David Sloan Wilson has an article in the eSkeptic, "Beyond Demonic Memes," (the same article is on this blog), that attacks some of Richard Dawkins' speculations in The God Delusion. For example, Dawkins speculated that religion is "just" a side-effect of children's uncritical acceptance of their parents' beliefs and teachings.
Mr. Wilson sees a more complex and adaptive role for religion and he criticizes Dawkins for dismissing groups selection as an evolutionary factor. It has little to do with religion. Dawkins has always, and in all his works strongly resisted group selection, no matter the context.
I tend to agree with Mr. Wilson's ideas about a more complex and adaptive role for religion. I encountered the concept of group selection in The Lucifer Principle: A Scientific Expedition into the Forces of History by Howard Bloom. The Official website for the book has two sample chapters, Superorganism and Isolation that introduce some of the concepts.
But Mr. Wilson also makes an ad hominem attack saying that Dawkins is "just another angry atheist, trading on his reputation as an evolutionist and spokesperson for science to vent his personal opinions about religion." Dawkins doesn't really come off as angry, at least he is not as angry as I am. I'm far more pissed off at the lies and the blinders of religion's advocates than Richard Dawkins.
There's a lot to be angry about if you're an atheist in America, just look at the other posts on my blog. A religion usually benefits its own believers to the detriment of the non-believers, it tends to make people more compassionate towards their co-religionists, and less compassionate towards the heretics and infidels they use as scapegoats.
Mr. Wilson is also taking money from the Templeton Foundation. This fact might distort Mr. Wilson's conclusions. Just because religion is adaptive doesn't mean it is good for us. If it really is putting blinders on delusional believers then they'll suffer too for their lack of contact with, and understanding of, the real world. Truth matters and the Templeton Foundation is committed to finding some kind of metaphysical truth in religion. Remember what kind of world we are adapting to, a world of continual war and predation.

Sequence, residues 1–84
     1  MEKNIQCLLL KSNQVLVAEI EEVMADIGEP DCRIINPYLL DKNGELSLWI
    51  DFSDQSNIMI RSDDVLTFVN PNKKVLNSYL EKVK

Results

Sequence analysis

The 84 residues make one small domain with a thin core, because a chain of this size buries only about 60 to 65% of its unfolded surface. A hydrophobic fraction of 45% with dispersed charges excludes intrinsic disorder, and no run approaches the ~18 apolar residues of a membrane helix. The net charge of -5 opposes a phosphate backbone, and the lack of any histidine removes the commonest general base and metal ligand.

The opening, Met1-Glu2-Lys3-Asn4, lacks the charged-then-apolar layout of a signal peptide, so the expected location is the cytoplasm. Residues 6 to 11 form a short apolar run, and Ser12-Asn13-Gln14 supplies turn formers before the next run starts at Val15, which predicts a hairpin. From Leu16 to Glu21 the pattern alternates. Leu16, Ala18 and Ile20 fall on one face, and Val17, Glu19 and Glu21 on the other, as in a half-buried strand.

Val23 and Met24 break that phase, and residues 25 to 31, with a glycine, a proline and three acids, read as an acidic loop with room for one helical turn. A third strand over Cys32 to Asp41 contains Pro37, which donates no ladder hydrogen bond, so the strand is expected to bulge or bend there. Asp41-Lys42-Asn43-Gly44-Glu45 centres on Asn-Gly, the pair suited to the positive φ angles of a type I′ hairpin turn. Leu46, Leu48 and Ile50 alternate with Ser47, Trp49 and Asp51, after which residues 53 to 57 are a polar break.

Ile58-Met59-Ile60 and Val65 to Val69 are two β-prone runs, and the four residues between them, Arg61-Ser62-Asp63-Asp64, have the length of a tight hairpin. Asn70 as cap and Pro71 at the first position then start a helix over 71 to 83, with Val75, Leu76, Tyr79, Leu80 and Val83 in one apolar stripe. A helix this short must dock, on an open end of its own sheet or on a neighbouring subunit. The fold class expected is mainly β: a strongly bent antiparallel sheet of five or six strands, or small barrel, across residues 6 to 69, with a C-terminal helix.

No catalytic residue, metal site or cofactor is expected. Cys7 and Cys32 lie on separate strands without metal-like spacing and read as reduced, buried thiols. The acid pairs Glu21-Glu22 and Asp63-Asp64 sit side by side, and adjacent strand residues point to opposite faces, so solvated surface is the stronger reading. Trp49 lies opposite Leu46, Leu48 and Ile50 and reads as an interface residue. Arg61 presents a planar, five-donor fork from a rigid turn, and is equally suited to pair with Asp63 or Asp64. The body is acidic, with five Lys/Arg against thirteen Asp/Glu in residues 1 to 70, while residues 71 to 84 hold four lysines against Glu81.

Check out the Barefoot Bum's posts "Wilson on Dawkins" and "Statistical fallacies" and also the comments on Stranger Fruits' "Wilson on Dawkins" for more information on the arguments that have been going on.
The Barefoot Bum does not think Wilson correctly uses statistical methodology, the Bum accuses Wilson of presenting statistical concepts in a way that harms rather than helps the reader's statistical intuition.
UPDATE: Richard Dawkins Replies to David Sloan Wilson.
UPDATE II: The electronic ghost of Douglas Adams Replies to Richard Dawkins and David Sloan Wilson via a 1998 speech called 'Is there an Artificial God?':
"So, my argument is that as we become more and more scientifically literate, it's worth remembering that the fictions with which we previously populated our world may have some function that it's worth trying to understand and preserve the essential components of, rather than throwing out the baby with the bath water; because even though we may not accept the reasons given for them being here in the first place, it may well be that there are good practical reasons for them, or something like them, to be there. I suspect that as we move further and further into the field of digital or artificial life we will find more and more unexpected properties begin to emerge out of what we see happening and that this is a precise parallel to the entities we create around ourselves to inform and shape our lives and enable us to work and live together. Therefore, I would argue that though there isn't an actual god there is an artificial god and we should probably bear that in mind. That is my debating point and you are now free to start hurling the chairs around!"